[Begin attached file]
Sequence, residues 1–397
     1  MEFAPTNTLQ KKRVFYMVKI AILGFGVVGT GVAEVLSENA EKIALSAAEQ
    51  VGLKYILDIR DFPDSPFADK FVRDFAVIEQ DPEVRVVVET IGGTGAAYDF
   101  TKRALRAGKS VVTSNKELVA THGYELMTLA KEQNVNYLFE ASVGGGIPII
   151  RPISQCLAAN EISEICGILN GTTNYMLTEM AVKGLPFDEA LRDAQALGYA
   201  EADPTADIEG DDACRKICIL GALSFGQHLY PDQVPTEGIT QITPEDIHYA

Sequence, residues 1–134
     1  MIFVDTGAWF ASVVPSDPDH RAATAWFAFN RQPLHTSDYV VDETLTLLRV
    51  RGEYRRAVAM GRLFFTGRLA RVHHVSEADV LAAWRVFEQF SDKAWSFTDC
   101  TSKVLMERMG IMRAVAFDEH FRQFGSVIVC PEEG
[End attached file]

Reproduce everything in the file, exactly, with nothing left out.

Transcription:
Sequence, residues 1–397
     1  MEFAPTNTLQ KKRVFYMVKI AILGFGVVGT GVAEVLSENA EKIALSAAEQ
    51  VGLKYILDIR DFPDSPFADK FVRDFAVIEQ DPEVRVVVET IGGTGAAYDF
   101  TKRALRAGKS VVTSNKELVA THGYELMTLA KEQNVNYLFE ASVGGGIPII
   151  RPISQCLAAN EISEICGILN GTTNYMLTEM AVKGLPFDEA LRDAQALGYA
   201  EADPTADIEG DDACRKICIL GALSFGQHLY PDQVPTEGIT QITPEDIHYA

Sequence, residues 1–134
     1  MIFVDTGAWF ASVVPSDPDH RAATAWFAFN RQPLHTSDYV VDETLTLLRV
    51  RGEYRRAVAM GRLFFTGRLA RVHHVSEADV LAAWRVFEQF SDKAWSFTDC
   101  TSKVLMERMG IMRAVAFDEH FRQFGSVIVC PEEG